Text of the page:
I mention these plants by name, but there are far more that I don’t know. I’m going to have to find myself some field guides and get reacquainted with them.

On my way home I run into Palu (my cat), who goes all bottle-brushy and runs away as if he’s some sort of wildcat far from civilization. Ungrateful beast.

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For those of you who aren’t Canadian, to understand this story, you need to know about Heritage Minutes.

Heritage Minutes are one-minute TV spots about important moments in Canadian history. Every Canadian you will ever meet can quote at least three of them and will wax poetic about them if given the chance. Some of my favourites are the Women in Medicine one, the Bluenose‘s last race, and, of course, Tyrrell discovering dinosaur fossils in the badlands.

But the true gem of this collection is, was, and ever shall be the one about Winnie the Pooh:

Pooh Bear was named after a black bear at the London Zoo called Winnie, who had been brought over from Canada by one Lt. Harry Colebourne. He named her Winnipeg after his hometown in Manitoba. Apparently, Christopher Robin was a fan of this bear and named his teddy bear after her, then prompted his father to write stories about it.

Today I was watching this Heritage Minute because I have nothing else to do when I’m out of the field. And I noticed that at the 0:51 mark, there’s a strange creature with the front end of a donkey and the striped hindquarters of a zebra being led across a cobbled square at the zoo where Christopher Robin meets Winnie. What on earth is a quagga doing in that zoo?

Centre-background, just behind the pony: Is that a quagga?!

The quagga is an extinct relative of the zebra (oh hey, Wikipedia tells me that it was actually a subspecies of the plains zebra! Fancy that!) that was slightly less stripey than its extant cousins. But the last one died in 1883, while this Heritage Minute is supposed to take place sometime between Winnie’s arrival at the London Zoo in 1915 and the publication of Winnie-the-Pooh in 1926. And besides, all records of the quagga indicate that its forequarters were striped , while its hindquarters were plain.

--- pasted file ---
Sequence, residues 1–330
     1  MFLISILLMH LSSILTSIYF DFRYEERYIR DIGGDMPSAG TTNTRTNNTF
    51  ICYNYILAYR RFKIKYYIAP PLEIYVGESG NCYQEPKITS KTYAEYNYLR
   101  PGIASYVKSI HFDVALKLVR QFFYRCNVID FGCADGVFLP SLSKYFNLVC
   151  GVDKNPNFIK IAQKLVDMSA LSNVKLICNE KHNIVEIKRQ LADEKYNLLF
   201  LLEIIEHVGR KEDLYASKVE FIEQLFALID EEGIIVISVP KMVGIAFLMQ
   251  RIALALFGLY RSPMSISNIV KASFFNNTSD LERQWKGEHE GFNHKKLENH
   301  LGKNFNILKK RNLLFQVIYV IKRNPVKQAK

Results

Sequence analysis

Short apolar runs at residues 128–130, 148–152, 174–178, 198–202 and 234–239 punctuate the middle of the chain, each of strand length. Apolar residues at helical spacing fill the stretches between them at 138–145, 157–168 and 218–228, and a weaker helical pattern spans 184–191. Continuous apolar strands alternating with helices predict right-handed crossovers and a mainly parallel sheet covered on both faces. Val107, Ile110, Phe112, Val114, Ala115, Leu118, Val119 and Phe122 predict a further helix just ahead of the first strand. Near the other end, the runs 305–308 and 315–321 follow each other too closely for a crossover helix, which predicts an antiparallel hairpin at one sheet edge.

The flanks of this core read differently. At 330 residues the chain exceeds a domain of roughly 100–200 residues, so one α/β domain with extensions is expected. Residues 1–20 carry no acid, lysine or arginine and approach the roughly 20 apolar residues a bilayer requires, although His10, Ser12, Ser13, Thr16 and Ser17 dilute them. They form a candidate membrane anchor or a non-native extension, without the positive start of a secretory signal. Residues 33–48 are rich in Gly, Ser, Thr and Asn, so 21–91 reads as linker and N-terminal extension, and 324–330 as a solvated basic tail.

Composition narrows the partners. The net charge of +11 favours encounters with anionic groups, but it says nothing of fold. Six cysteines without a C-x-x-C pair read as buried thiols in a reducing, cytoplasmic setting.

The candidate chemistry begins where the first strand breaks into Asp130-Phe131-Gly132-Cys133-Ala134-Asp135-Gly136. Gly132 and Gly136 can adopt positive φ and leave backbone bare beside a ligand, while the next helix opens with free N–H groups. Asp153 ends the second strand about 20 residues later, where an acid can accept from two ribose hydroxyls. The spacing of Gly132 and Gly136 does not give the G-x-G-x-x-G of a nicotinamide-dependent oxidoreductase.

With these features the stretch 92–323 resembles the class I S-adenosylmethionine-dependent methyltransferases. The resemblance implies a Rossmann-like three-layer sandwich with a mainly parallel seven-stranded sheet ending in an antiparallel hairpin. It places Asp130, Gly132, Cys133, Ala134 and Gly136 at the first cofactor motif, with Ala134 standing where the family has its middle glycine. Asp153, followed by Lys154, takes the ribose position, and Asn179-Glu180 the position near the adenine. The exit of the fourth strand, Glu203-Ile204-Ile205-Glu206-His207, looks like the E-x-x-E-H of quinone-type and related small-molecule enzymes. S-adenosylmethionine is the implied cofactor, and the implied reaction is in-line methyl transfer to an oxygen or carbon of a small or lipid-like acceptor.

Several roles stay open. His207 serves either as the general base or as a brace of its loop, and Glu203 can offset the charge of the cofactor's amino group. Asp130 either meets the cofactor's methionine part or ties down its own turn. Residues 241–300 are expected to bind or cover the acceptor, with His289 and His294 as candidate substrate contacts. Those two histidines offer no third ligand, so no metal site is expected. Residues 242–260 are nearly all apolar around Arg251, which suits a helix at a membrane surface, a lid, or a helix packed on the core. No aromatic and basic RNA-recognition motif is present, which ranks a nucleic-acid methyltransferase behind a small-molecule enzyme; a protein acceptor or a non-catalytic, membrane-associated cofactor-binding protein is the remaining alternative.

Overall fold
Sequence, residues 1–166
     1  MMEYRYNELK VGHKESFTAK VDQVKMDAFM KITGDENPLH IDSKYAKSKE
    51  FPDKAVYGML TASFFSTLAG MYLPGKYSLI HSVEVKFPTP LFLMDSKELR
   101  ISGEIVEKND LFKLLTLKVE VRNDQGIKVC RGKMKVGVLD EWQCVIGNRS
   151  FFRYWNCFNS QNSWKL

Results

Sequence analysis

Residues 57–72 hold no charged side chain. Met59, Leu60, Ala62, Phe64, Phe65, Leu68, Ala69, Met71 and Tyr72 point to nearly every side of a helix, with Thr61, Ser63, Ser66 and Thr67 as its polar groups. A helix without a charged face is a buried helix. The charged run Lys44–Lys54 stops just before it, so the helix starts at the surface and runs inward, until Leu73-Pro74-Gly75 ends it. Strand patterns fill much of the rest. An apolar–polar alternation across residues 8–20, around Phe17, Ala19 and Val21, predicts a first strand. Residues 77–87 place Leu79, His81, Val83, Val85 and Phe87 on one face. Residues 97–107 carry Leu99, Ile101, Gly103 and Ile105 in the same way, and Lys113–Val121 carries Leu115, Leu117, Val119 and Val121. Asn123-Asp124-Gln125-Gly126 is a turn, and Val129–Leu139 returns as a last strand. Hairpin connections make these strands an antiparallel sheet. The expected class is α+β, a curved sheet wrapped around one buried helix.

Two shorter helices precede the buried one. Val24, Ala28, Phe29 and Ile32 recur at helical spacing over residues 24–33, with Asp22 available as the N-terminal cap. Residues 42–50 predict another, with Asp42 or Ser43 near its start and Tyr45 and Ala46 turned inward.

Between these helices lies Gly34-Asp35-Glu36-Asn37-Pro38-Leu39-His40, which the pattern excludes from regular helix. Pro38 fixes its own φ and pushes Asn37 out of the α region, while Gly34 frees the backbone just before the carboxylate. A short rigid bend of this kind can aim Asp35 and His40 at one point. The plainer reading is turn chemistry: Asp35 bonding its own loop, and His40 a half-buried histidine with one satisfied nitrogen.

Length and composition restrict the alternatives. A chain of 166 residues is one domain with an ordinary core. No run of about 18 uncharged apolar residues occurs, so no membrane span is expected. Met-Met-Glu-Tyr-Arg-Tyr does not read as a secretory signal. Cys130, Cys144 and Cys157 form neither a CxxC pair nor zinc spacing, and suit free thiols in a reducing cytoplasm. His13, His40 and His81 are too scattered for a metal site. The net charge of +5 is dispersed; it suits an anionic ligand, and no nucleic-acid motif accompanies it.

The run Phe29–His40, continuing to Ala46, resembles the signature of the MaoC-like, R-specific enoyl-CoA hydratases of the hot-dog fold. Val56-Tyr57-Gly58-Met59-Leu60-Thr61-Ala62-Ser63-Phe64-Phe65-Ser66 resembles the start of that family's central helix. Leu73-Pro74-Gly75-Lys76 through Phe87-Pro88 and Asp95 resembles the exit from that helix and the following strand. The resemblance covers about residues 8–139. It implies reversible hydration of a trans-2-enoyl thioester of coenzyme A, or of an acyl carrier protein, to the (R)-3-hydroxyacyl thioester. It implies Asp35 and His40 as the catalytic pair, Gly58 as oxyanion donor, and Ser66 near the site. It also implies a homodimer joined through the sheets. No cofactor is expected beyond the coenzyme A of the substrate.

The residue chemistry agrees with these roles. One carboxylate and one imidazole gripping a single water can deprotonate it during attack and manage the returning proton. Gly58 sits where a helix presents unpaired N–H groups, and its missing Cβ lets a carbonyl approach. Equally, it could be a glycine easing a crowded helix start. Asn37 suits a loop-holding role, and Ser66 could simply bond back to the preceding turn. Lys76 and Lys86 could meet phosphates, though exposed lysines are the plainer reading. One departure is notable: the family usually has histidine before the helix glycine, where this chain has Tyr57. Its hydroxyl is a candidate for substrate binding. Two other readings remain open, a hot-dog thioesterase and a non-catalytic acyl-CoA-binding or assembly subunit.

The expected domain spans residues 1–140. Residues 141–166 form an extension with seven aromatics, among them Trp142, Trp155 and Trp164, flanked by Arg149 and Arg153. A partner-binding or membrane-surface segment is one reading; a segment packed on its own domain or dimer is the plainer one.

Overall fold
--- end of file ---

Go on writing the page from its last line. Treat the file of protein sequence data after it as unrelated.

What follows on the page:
A quagga, coincidentally at London Zoo – but long before Winnie arrived there.

What is this creature meant to be, then? It might be some hybrid between a zebra* and a horse or donkey – I’d guess donkey, given its appearance. These have been produced in captivity regularly and are known by various silly-sounding names like zorse, zedonk, and zony. They’re usually sterile, because horses, zebras, and donkeys all have different numbers of chromosomes (so their hybrid offspring can’t make proper eggs and sperm). They, like quaggas, are partially striped, often only on the legs. I can’t find a picture that looks precisely like our Heritage Minute beast, but many resemble it more than the quagga does.

A zorse, circa 1899.

Did London Zoo ever have a zedonk (or something like it)? Apparently yes, as I found this picture from 1936. However, that’s long after the publication of Winnie-the-Pooh. Maybe they had others before it. Or, more likely, maybe someone among the crew who produced Heritage Minutes had access to a zedonk (!!!) and a weird enough sense of humour to insert it into the TV spot. I am, to say the least, intrigued.

*Note that there are several species of zebra; apparently all of them have produced hybrids with horses, ponies, or donkeys.

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Parliament just voted on, and passed, a motion that Bill C-279, which would extend protection against hate crimes and discrimination to trans people, be read a second time (bills in Parliament go through three reading before being made into law) and referred to the Standing Committee on Justice and Human Rights. This is good news!

The vote was 150 to 132, and all of those 132 nays were Conservatives. However, 15 Conservatives voted for this motion. This gives me some hope. I know it doesn’t mean they plan to support the final bill, but it’s not a bad sign.

Here is the full list of how MPs voted on the motion, broken down by party. If your MP is among the Conservatives who voted against it, I urge you to write to them to express your support for C-279. Tell them to vote for it in future. Perhaps more importantly, if your MP is one of those 15 Conservatives who supported the bill being moved to second reading, PLEASE write to them to find out how they stand on the bill and to encourage them to continue supporting it. Heck, you don’t even have to be in their riding to tell them this. I think I might go ahead and email them all.

We probably won’t hear much about C-279 for a while now, as the Omnibus Budget Implementation Bill of Doom and Also we Hate Science is going to take up a hell of a lot of Parliament’s time. (Oh yeah, while you’re writing to your MP about C-279, maybe you should tell them how you feel about the budget, too.)